In a recent interview, Dr. Mark Tyndall blasts the FDA over how they’re handling the regulation of e-cigarettes.
The public perception of vaping seems to change with every new report or condemnation by a misinformed public official. It appears the majority of the public are perfectly content believing whatever the government tells them. Because of this, vaping regulations tend to be entirely different depending on where you find yourself. In America, the FDA has been at the forefront of this battle, continually fighting to implement crippling regulations on the harm reduction and smoking cessation tools. At least one respected expert has had enough, as Dr. Mark Tyndall recently called out the FDA for what he sees as a significant overstatement of the likely dangers.
The case made by Dr. Tyndall is the same as by countless others. He believes vaping could represent a significant breakthrough in our fight against tobacco if only public health officials adequately supported them. The vaping community has applauded the interview for telling things the way they are, while anti-vapers remain unconvinced e-cigarettes have any good to offer. Regardless, this is a significant victory for vapers everywhere, as it proves once again the FDA cannot simply spread misinformation without it being called out by many respected doctors.
It was during a recent interview with Brent Stafford of Regulator Watch in which Dr. Mark Tyndall made the case against what he sees as a serious overblowing of the facts by the FDA. In fact, he was refreshingly candid about his position, and why he believes the FDA continues with their misguided plans. The former Director of the British Columbia Centre for Disease Control covered several topics, including how we got here, what comes next, and what we can do to make things better. He started by discussing the impact of the media on public perception of vaping, arguing news outlets overstate the potential harm of vaping while failing to properly express how much help they could provide current smokers.
The result of this campaign of misinformation is clear. During the interview, Dr. Tyndall talked about an experience he had with a smoker earlier that day. According to the interview, he came across a woman in her 50s who was smoking a cigarette. He asked her why she is still smoking when she could be vaping, and her response was quite telling. She said she wanted to avoid the chemicals found in vaping products, indicating she only smokes 100% additive free tobacco, so there isn’t any extra danger or chemicals. The fact is, whether or not they have additional additives, smoking cigarettes is still one of the absolute most dangerous things you can do to your long-term health. It’s clear we have more work to do if even our 50-year-olds mistakenly believe smoking is in any way less dangerous than vaping. He finished his discussion of vaping with a simple plea to the youth, “For God’s sake. Don’t try cigarettes.”
What The Data Says
Understanding where Dr. Tyndall is coming from isn’t that hard once you take a look at the peer-reviewed evidence we have. For starters, concerns over the so-called teenage vaping “epidemic” have been shown to be quite overblown by the FDA and media. A report of over 60,000 teens by Action on Smoking and Health concluded only between 0.1% and 0.5% of non-smoking teens are ever picking up vaporizers regularly. This means far fewer are ever ending up a smoker because of an e-cigarette. The reason for this may be explainable as well. A report by researchers at the University of Louisville wanted to test all the most common smoking cessation methods and aids to determine the most effective. After all their testing and analyzing, the team concluded not only is vaping an effective smoking cessation tool, but it’s actually more likely to succeed than anything else, including prescription drugs.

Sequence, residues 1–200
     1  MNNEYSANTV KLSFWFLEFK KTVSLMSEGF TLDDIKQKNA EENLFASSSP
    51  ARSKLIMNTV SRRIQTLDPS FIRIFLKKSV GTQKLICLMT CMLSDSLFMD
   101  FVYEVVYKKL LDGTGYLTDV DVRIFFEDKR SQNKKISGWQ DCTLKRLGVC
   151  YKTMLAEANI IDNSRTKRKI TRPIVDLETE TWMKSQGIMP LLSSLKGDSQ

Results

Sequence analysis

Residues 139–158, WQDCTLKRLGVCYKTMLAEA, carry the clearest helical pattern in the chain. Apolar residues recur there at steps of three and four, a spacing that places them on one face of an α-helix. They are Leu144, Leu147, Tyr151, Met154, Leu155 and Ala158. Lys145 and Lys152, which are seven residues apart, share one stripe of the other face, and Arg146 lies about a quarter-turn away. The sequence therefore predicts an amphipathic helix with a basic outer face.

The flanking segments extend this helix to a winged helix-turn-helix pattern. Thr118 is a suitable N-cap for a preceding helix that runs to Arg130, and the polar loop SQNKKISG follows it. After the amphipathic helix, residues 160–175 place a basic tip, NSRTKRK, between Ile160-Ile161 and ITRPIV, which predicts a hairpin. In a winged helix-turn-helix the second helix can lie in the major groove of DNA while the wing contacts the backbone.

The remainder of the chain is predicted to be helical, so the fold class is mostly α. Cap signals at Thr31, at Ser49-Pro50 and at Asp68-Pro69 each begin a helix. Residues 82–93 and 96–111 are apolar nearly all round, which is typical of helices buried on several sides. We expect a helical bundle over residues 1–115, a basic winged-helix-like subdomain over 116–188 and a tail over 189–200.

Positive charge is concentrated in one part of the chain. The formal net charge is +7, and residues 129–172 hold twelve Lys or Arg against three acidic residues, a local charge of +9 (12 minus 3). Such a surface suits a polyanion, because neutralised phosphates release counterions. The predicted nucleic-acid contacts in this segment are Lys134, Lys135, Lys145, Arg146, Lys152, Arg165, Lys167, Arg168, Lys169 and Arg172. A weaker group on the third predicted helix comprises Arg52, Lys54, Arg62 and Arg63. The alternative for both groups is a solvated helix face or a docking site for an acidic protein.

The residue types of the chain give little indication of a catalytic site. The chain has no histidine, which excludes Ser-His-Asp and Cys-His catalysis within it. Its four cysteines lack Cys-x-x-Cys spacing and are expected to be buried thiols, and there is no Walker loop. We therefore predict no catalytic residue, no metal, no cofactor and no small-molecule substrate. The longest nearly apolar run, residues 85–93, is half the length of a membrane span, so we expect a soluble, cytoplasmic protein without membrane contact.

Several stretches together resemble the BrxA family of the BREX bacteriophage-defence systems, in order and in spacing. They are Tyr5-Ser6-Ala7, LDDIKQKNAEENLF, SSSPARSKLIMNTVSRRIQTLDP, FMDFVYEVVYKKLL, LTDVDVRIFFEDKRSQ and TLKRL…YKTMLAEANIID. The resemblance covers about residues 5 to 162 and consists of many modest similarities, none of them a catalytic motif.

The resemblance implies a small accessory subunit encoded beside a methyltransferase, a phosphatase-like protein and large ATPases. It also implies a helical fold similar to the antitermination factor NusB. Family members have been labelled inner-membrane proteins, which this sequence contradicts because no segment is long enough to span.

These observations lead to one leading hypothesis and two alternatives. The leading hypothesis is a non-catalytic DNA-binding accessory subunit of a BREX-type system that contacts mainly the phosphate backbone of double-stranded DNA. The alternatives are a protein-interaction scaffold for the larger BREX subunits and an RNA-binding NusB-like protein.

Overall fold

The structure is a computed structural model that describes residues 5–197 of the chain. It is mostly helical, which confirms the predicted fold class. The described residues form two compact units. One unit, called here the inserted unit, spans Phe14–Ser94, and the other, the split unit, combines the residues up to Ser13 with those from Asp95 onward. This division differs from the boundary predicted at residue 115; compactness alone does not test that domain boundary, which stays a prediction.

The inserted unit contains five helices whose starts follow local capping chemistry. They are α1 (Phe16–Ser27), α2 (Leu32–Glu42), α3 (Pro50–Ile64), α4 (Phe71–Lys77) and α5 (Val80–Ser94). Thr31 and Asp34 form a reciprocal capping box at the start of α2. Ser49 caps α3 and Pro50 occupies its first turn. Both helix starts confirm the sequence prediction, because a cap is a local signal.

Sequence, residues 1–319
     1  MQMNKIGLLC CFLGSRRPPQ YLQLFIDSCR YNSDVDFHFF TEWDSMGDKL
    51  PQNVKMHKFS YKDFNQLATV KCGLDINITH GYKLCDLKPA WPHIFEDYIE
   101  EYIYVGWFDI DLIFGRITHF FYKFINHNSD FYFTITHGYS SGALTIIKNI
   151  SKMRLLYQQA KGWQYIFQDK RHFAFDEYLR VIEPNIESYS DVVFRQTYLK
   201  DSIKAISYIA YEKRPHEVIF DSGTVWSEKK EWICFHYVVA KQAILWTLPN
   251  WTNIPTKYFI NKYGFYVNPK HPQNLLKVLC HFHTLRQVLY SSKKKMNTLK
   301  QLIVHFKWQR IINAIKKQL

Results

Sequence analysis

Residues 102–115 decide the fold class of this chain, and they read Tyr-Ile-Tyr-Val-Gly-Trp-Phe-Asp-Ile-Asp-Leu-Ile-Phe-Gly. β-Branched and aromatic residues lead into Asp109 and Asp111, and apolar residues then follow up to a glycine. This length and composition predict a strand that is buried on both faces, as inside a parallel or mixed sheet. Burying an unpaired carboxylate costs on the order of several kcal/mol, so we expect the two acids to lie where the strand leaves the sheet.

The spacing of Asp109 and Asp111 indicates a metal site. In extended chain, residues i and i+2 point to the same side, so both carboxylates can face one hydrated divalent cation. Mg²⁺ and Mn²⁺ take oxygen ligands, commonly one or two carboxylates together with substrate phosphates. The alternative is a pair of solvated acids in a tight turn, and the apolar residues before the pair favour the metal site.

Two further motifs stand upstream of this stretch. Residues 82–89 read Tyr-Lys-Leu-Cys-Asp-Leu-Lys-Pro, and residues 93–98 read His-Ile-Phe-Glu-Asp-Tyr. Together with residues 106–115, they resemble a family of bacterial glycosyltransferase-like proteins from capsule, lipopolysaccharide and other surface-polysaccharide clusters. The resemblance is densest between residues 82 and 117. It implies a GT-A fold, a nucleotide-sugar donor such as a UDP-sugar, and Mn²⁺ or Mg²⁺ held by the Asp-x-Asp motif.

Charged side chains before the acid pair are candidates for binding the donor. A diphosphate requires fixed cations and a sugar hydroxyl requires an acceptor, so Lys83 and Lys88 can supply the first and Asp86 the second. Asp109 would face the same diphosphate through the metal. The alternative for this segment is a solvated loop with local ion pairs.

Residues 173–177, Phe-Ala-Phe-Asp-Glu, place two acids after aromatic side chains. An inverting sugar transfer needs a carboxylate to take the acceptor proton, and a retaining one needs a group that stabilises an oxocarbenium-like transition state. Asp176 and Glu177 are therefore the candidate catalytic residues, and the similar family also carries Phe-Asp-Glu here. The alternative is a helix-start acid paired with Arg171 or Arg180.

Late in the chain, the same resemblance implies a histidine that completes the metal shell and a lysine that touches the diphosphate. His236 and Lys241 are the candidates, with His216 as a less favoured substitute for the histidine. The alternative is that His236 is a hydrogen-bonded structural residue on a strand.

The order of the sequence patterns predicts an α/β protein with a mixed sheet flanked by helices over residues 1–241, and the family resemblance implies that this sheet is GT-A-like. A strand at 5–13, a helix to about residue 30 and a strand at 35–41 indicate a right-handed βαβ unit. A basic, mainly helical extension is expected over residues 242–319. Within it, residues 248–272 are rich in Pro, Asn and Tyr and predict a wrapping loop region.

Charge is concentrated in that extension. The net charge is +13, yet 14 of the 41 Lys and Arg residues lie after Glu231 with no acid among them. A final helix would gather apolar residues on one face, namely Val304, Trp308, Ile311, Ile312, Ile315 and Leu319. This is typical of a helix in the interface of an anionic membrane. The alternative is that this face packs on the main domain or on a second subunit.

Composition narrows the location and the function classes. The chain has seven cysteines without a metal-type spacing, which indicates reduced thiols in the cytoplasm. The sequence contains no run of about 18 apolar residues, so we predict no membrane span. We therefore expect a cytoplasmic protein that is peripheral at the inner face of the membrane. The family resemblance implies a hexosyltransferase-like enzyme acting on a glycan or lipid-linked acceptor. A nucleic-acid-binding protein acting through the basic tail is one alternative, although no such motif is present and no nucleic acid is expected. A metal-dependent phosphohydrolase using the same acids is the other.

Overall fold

Things only get more impressive when you turn your attention to the harm reduction value of vaporizers. A report published by Public Health England back in 2015 found that vaping is at least 95% safer than smoking. While that report made waves at the time, these days we have plenty of research like it. In fact, only a few months ago we got another report which found the toxicants in vapor are about 93% lower than in smoking. But the most critical finding was easily the report published in the Journal of Aerosol Sciences which concluded the excess lifetime cancer risk of a vaper is about 57,000 times lower than a smoker with a similar background.
Dr. Tyndall has zeroed in on a significant problem for the vaping industry, rampant misinformation. This issue is at the root of many of the most significant challenges, and we can’t move forward until we deal with them. The fewer smokers who understand what they stand to gain by making the switch to vaping, the harder it will be to keep protecting our rights. Alternatively, if more people knew precisely what’s at stake, it would be the most significant thing we can do to ensure our rights moving forward. That’s why we simply must do all we can right now to prove to the smokers in our lives that switching to vaping is the right choice.
What are your thoughts on the misinformation surrounding vaping? How can we do a better job of supporting vaping? Does it matter if we teach non-smokers about the value of vaping as well? Let us know what you think in the comments, and don’t forget to check back here or join our Facebook and Twitter communities for more news and articles.